New research is always exciting, but in order to spread the word about new findings, papers need to be accepted and published in academic journals. The number of citations a researcher has under their belt from these publications is one way they’re judged when it comes to academic opportunities like grant applications. Despite the wide-spread use of citation metrics, they’re often misused and there’s a lot of confusion around how they should be interpreted.

A newly developed database has attempted to address this issue. Published in PLOS Biology, the searchable database lists over 100,000 of the most-cited researchers in the world in all fields of science. Members from the Djavad Mowafaghian Centre for Brain Health (DMCBH) are well represented in this database, with 64 members ranking in the top 100,000 authors. Worldwide, there are a total of 6,880,389 scientists who have published at least five papers, which places these 64 DMCBH researchers in the top 1.5% of cited researchers globally.

“Academia can be tough—there’s always some kind of rejections that we face—for example your grant didn’t get funded or your paper didn’t get accepted into a journal you were hoping for—so I think it’s really important to celebrate these kinds of wins,” says Dr. Liisa Galea, Professor in the Department of Psychology. “I think it clearly shows that UBC is doing some really great work.”

Dr. Galea appears in the list of top 100,000 researchers, placing in the top 1% of citations worldwide, for her work on sex and stress hormones and how these affect brain and behaviour on both normal and diseased brain states.

Several members of DMCBH ranked within the top 25 percentile of the top 100,000 authors, placing them at the forefront of the more than six million researchers published worldwide: Drs Luke Clark, Ann Marie Craig, Pieter Cullis, Adele Diamond, James Enns, Matthew Farrer, Stan Floresco, Sophia Frangou, Liisa Galea, Ruth Grunau, Michael Hayden, Ian MacKenzie, Brian MacVicar, Edith McGeer, Patrick McGeer, Robert Molday, Dessa Sadovnick, Steven Vincent, Janet Werker, and Lakshmi Yatham.

While there are other databases that measure citation metrics, many challenges come along with them. The authors of this database note that Google Scholar allows scientists to create their own profile, but because not everyone does so results are often skewed. Clarivate Analytics also creates a Highly Cited researchers list, but the authors say it only includes 21 scientific fields and roughly 6,000 scientists. The goal with this database was for it to be comprehensive and take into account a large number of scientific fields.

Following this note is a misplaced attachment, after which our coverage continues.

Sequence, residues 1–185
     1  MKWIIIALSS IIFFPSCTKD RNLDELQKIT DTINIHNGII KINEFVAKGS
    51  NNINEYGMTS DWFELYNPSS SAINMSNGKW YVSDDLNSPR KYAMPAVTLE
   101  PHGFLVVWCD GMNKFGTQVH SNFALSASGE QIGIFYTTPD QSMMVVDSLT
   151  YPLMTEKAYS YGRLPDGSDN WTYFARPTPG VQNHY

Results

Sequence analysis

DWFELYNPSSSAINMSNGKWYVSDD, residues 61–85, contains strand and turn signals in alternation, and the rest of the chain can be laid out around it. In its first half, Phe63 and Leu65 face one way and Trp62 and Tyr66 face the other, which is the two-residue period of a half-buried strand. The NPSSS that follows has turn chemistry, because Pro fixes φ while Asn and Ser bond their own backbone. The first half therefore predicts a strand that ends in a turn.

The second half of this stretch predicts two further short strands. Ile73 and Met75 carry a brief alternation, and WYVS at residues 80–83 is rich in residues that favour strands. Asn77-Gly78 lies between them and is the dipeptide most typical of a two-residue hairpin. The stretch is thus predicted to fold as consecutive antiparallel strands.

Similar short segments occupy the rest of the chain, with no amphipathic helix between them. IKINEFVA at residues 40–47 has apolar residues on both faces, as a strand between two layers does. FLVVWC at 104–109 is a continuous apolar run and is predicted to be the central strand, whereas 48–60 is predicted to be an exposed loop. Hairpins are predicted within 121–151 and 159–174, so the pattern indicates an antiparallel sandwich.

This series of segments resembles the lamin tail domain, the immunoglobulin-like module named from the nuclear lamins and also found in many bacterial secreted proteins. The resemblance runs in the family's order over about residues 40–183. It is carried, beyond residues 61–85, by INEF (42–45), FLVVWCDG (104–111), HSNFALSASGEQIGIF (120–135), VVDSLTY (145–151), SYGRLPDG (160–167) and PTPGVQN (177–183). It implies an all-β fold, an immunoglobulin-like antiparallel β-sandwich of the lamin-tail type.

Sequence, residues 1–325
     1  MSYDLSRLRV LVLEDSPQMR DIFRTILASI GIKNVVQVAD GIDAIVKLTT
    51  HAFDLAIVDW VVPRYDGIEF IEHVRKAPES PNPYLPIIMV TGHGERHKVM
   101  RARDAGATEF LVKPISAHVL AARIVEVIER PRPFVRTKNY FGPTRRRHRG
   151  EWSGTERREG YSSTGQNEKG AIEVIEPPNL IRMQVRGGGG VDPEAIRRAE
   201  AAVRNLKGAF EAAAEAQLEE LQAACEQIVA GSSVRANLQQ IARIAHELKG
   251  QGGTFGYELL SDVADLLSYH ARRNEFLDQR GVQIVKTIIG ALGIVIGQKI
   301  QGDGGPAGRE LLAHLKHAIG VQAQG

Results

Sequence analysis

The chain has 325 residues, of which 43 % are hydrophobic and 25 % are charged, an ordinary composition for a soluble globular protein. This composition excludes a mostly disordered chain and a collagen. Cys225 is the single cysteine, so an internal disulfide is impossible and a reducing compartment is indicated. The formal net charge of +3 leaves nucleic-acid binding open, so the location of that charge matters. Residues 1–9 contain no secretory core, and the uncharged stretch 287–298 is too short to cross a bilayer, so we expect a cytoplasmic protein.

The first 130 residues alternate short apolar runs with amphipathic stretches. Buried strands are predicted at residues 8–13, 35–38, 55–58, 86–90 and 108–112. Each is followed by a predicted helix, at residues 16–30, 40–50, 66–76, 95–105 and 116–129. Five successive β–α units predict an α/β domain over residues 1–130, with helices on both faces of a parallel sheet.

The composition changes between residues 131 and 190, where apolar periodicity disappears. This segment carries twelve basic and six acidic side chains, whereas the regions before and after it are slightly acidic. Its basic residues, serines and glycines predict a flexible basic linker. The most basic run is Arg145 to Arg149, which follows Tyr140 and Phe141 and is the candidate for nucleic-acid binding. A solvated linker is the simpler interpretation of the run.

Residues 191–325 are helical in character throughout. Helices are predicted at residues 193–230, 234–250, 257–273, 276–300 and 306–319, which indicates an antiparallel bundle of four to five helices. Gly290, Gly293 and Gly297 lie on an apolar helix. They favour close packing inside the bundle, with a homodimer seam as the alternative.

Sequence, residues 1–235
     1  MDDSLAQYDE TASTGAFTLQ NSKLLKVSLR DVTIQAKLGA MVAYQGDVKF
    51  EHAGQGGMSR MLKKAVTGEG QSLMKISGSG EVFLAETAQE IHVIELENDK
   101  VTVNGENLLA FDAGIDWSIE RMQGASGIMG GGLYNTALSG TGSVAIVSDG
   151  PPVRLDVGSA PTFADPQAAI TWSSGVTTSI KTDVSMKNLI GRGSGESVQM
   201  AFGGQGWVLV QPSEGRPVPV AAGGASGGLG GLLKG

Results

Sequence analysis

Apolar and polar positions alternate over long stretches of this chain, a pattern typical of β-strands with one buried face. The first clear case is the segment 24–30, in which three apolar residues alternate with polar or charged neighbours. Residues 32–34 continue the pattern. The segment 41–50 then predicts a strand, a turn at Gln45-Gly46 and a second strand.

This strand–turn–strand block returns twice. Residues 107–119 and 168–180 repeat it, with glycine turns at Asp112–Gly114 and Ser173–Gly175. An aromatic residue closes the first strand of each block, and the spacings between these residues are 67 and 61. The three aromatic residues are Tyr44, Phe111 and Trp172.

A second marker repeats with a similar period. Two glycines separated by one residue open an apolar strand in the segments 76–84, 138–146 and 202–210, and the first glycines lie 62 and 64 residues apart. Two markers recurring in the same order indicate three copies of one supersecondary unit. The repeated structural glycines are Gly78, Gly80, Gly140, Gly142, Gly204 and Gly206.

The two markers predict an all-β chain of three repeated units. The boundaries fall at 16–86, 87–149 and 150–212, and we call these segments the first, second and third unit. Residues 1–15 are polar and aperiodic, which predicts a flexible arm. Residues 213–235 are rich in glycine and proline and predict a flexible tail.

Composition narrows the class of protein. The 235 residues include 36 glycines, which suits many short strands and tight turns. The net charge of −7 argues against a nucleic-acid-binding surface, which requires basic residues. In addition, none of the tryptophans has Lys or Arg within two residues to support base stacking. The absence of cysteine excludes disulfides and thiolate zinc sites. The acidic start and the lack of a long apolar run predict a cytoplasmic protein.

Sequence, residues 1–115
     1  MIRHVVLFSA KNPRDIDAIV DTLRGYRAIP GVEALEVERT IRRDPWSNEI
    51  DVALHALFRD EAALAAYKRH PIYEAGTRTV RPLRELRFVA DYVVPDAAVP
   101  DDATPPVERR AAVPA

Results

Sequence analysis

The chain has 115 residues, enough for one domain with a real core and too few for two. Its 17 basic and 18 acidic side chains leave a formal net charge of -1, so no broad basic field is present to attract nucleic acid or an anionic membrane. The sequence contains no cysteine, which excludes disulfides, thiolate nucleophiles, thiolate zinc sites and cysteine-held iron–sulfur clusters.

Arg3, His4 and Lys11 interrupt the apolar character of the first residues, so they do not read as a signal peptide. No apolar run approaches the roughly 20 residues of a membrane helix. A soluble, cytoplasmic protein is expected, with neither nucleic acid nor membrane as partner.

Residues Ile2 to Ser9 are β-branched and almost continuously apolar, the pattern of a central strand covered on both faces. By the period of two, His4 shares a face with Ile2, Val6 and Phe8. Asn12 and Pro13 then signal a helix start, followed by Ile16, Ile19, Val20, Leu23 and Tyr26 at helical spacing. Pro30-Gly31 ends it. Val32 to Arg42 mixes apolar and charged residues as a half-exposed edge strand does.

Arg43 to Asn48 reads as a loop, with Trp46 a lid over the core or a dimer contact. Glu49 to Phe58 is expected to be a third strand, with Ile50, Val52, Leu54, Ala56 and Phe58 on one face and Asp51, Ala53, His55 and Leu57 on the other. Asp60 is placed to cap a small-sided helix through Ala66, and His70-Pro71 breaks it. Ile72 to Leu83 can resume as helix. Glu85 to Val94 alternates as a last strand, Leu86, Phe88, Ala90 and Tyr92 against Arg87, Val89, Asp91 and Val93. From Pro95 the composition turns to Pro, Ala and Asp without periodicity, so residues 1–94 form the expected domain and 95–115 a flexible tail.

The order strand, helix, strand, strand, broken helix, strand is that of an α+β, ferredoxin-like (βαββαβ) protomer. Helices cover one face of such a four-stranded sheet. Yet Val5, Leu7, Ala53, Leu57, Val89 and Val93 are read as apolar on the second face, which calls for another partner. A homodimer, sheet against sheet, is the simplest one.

The paper presented the data in several different ways. The first, was taking papers published between 1960-2017 and including the number of times these papers were cited between 1996 and 2017. The data was then analyzed on a single year term—just citations in 2017—to eliminate some biases that exists when comparing scientists who have been in the field for a long time versus younger ones who have been publishing over a shorter time span. Data was also presented in terms of scientific discipline and included various calculations, including the number of self-citations.

“It’s a way of looking at citations that’s a bit more inclusive than what we might normally see,” says Dr. Galea. “Scientists also often put a lot of emphasis on the top journals like Nature, but having something like this may be more equitable because it’s not just about who published in the highest impact factor journals.”

The large number of DMCBH scientists who appear in this citation database mirrors UBC’s success in a broader context. UBC ranked high in many 2020 metrics, including the Times Higher Education World Rankings, where it placed 34th in the world—in the top 3 per cent—and was deemed the second-best university in Canada. UBC also joined the ranks of some of the most elite schools in the world when it comes to psychology, having the tenth best psychology program worldwide according to the Times—the only Canadian university to make this list. In Maclean’s 2020 University rankings, UBC took third place in terms of best medical and doctoral universities.